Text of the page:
As others have noted, there’s been something almost surreal about the opening phases of the British general election campaign.

Premier Rishi Sunak, firing the starting-gun for the 4th July contest outside 10 Downing Street, had no umbrella to ward off a torrential downpour of rain. If the public suspects that your government is a sinking ship, the birthplace of Titanic might be a venue to avoid. If you’re going to ask brewery workers if they’re looking forward to this summer’s European football championship, it’s best if you figure out first that the brewery is in Wales, and Wales hasn’t qualified for the tournament.


These have just been early blunders on the road to what might well be a re-run, or worse, of the Conservatives’ nightmare defeat of 1997. The election announcement caught the party unprepared, with no manifesto written, and no candidates selected in a reported 150 constituencies.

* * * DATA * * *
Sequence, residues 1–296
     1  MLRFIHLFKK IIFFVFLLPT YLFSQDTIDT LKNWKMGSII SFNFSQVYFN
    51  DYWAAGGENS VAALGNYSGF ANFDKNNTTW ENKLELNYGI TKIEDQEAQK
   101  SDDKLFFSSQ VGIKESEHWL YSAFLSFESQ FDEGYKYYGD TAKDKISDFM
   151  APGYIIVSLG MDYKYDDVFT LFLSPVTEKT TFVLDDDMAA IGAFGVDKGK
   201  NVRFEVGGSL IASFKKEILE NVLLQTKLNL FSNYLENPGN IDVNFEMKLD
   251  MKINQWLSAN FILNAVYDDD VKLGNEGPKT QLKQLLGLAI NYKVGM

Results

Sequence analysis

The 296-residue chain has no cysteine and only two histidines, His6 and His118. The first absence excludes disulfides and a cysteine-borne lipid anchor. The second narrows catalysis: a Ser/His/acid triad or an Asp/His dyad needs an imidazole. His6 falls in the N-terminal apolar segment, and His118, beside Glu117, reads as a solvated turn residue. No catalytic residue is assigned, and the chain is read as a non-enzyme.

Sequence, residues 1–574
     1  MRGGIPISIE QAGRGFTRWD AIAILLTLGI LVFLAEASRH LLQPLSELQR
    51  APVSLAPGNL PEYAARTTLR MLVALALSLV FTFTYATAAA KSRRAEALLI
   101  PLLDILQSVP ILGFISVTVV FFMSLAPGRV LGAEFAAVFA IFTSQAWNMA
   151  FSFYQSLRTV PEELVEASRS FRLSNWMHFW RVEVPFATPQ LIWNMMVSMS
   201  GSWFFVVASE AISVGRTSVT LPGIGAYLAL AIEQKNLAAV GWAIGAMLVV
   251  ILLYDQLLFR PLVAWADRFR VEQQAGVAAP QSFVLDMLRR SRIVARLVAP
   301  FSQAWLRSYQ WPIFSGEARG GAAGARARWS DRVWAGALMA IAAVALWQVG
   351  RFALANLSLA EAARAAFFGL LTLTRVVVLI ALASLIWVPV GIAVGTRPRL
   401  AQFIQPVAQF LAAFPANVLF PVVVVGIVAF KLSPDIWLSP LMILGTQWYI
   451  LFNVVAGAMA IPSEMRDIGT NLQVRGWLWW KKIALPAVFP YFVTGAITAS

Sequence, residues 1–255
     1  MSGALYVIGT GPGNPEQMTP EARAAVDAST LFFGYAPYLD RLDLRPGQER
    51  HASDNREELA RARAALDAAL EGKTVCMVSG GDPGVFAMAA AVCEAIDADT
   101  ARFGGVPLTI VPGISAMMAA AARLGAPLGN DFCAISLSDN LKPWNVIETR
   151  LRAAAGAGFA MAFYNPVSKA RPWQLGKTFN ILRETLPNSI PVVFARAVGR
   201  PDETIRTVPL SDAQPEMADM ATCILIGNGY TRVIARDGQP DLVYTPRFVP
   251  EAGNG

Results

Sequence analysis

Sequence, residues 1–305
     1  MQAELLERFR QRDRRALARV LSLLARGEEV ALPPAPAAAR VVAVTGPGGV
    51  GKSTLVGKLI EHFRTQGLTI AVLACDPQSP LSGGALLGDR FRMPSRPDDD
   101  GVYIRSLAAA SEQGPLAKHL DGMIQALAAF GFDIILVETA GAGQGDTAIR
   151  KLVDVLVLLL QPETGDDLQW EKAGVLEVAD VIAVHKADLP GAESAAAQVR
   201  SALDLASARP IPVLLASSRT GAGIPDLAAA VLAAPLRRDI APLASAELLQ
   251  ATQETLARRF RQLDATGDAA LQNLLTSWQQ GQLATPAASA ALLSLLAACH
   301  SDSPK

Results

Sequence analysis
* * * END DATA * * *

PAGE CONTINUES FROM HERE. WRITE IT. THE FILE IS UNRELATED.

The factors informing Mr Sunak’s decision appear to be economic, the theory being that ‘this is as good as it’s likely to get’. Headline inflation has fallen, but core inflation remains sticky. Expectations for rate reductions by the Bank of England are being dialled back and, as Britain moves into autumn, still more homeowners will have to re-mortgage at painfully higher costs as their fixed-term deals expire.

Read more: SurplusEnergyEconomics